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Martha's Vineyard is a must-do day trip from Boston

Images from Martha's Vineyard
Images from Martha's Vineyard
Photo by Win McNamee/Getty Images

It is an island that's drawn presidents, famous writers, actors and artists to its shores for hundreds of years. With summer upon us in Boston, it's time to explore what makes Martha's Vineyard such a treasured summer destination worldwide, and one of the top day trips for Massachusetts, Rhode Island and Connecticut residents. President Barack Obama was a recent vacationer there, and his family was photographed biking on the island's spectacular trails!

A beach on Martha's Vineyard
Photo by Win McNamee/Getty Images

Located about 90 miles south from the center of Boston, sits the tiny island of Martha's Vineyard, surrounded by the Atlantic Ocean. The distances from one end of the island to another are very small, measuring less than 25 miles across from east to west, and just over 10 miles from north to south, making the island a haven for bike riders and hikers wishing to discover the majority of the island in a short amount of time. Martha's Vineyard is also a short ferry ride away from Nantucket, another famous island in New England and a popular, relaxing getaway for writers and artists wishing to produce their work in peace and in unending inspiration from nature!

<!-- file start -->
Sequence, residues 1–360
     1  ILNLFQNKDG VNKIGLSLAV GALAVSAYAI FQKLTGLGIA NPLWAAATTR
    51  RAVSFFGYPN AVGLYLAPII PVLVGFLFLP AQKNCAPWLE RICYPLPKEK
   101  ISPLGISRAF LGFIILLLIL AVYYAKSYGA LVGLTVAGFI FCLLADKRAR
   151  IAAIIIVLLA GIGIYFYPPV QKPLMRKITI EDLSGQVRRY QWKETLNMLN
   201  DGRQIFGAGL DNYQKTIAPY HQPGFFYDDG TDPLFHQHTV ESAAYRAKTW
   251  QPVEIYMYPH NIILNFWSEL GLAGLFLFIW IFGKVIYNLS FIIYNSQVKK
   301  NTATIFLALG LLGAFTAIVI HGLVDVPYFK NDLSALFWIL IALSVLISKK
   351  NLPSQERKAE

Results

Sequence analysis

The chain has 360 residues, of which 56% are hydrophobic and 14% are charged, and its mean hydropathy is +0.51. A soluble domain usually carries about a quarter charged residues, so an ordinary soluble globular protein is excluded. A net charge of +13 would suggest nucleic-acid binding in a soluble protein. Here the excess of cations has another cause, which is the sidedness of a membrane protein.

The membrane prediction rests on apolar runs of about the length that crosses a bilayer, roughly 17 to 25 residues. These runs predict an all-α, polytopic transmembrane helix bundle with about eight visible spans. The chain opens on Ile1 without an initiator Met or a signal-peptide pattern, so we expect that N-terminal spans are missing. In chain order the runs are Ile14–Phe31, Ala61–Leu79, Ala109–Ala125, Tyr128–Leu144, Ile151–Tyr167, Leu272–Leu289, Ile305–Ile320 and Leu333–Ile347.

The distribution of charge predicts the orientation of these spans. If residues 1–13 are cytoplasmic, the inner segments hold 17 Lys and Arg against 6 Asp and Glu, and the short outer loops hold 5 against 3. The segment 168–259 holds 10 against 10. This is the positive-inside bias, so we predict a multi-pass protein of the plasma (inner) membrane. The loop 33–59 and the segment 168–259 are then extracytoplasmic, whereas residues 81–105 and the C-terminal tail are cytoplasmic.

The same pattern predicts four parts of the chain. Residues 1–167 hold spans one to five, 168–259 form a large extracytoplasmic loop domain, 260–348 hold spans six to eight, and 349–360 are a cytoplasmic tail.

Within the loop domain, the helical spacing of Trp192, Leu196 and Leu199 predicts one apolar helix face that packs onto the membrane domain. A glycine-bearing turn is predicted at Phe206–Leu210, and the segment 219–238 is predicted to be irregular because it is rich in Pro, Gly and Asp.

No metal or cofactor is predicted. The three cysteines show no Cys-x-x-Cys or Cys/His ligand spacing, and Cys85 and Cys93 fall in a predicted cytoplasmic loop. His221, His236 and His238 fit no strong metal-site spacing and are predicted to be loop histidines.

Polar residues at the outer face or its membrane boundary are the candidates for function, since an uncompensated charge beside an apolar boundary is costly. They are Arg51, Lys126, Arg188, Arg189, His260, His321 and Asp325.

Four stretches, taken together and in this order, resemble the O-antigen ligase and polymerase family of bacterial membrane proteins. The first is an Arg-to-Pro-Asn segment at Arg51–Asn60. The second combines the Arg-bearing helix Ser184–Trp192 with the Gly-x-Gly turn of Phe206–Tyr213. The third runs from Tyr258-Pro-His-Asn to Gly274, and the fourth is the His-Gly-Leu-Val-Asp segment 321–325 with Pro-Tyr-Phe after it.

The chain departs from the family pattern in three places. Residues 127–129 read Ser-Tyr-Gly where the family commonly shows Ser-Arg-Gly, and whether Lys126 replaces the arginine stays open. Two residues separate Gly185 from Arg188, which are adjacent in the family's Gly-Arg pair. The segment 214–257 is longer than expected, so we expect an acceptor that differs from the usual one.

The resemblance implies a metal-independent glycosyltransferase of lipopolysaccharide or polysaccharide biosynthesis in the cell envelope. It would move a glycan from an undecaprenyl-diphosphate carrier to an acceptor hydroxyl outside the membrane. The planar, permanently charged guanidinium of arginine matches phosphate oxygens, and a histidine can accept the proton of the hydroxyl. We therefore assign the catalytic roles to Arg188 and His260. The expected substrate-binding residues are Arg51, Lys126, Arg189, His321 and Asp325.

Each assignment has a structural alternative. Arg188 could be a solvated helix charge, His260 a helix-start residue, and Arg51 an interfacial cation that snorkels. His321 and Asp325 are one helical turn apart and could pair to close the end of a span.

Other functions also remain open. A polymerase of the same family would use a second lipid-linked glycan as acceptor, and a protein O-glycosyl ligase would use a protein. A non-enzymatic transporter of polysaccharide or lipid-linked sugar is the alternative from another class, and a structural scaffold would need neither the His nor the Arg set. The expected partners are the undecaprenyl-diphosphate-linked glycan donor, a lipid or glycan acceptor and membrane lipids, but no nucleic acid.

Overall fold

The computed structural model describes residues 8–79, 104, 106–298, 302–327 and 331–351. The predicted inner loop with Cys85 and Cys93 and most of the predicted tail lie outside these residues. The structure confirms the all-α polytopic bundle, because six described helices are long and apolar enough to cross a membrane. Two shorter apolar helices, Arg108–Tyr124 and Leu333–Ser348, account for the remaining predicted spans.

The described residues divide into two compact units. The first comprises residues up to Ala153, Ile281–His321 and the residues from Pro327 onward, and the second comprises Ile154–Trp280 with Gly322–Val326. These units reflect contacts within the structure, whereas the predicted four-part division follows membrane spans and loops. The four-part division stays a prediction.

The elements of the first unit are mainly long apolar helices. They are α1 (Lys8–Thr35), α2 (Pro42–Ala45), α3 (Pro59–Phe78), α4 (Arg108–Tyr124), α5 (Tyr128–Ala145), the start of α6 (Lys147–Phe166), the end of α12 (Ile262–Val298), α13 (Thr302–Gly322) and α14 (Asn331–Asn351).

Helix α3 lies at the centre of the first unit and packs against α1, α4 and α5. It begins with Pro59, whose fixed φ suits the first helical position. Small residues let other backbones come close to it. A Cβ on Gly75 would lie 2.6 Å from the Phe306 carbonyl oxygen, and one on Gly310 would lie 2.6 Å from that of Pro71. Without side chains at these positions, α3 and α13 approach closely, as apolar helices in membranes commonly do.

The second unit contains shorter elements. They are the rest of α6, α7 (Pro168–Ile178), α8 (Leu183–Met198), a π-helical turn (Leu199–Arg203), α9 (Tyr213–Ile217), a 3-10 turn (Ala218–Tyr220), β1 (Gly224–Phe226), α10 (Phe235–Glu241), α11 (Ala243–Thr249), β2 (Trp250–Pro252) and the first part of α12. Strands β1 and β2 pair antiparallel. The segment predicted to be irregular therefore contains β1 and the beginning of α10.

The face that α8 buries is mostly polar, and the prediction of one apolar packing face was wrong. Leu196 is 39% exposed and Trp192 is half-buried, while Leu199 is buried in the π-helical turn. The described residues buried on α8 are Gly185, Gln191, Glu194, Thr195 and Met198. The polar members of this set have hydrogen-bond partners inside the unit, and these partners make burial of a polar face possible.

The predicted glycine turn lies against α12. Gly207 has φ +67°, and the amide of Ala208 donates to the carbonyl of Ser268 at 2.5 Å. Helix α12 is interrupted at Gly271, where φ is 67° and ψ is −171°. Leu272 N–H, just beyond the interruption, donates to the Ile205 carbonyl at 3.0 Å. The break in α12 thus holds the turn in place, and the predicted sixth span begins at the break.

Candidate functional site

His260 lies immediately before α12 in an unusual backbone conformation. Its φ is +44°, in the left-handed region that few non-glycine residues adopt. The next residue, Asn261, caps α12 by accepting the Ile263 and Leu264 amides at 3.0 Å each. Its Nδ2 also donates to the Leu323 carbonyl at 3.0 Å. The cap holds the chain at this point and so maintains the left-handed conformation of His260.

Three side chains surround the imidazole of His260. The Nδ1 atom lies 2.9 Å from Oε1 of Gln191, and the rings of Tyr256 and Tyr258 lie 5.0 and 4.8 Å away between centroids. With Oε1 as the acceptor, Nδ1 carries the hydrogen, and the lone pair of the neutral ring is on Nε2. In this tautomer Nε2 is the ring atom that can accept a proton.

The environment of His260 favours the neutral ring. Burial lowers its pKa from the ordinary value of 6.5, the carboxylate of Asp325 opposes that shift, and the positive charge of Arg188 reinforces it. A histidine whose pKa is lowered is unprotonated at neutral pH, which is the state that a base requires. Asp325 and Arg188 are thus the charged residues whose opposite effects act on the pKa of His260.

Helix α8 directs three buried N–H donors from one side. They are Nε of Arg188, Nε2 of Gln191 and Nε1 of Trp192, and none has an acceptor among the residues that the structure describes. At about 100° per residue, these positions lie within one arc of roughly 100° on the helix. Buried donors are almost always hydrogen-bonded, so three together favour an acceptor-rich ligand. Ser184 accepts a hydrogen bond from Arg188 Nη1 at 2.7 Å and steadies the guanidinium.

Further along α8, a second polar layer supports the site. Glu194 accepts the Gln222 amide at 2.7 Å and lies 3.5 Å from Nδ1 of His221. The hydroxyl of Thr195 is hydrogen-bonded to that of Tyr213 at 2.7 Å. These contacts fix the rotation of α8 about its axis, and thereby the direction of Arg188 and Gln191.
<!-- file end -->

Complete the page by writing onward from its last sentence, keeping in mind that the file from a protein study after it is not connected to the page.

The island was named by English explorer Bartholomew Gosnold in 1602, who gave the island the name "Martha" after, disputably, his mother or daughter; he also included the term "vineyard" because of the wild grape vines that were present on much of the island. There is some inconclusive evidence that Norsemen arrived on Martha's Vineyard around 1000 A.D. at around the same time that they landed in northeastern Canada in Newfoundland and Labrador. In surviving Norse writings, they called the island "Vineland", also inspired by the wild grapevines. The native Wampanoag people inhabited Martha's Vineyard thousands of years before European explorers discovered the island, and native camps from as far back as 2270 B.C. have been excavated on the island.

With an incredibly rich history, both with respect to human history, but also geologically (the island is a treasure for geologists studying the ice age and the separation of Matha's Vineyard and Nantucket from the mainland), Martha's Vineyard is both a jewel of natural wonder and a gem of American history. For most visitors to the island, the purpose of the visit is the beach, the island's many exceptionally rated restaurants, quaint shops and B&B's. There are nature trails surrounding the entire island, from the flat plains of the eastern side of the island (very near to sea level) to the striking cliffs rising 300 feet above sea level on the western side of the island.

Check out the slideshow and decide for yourself whether this is a must-do day trip! Most New Englanders would certainly concur!

Martha's Vineyard has many ferries that are constantly bringing tourists and island residents in from the mainland. From Boston, the fastest and least expensive way to reach the island is via the 'Woods Hole to Vineyard Haven Ferry' in Falmouth, Massachusetts, on Cape Cod.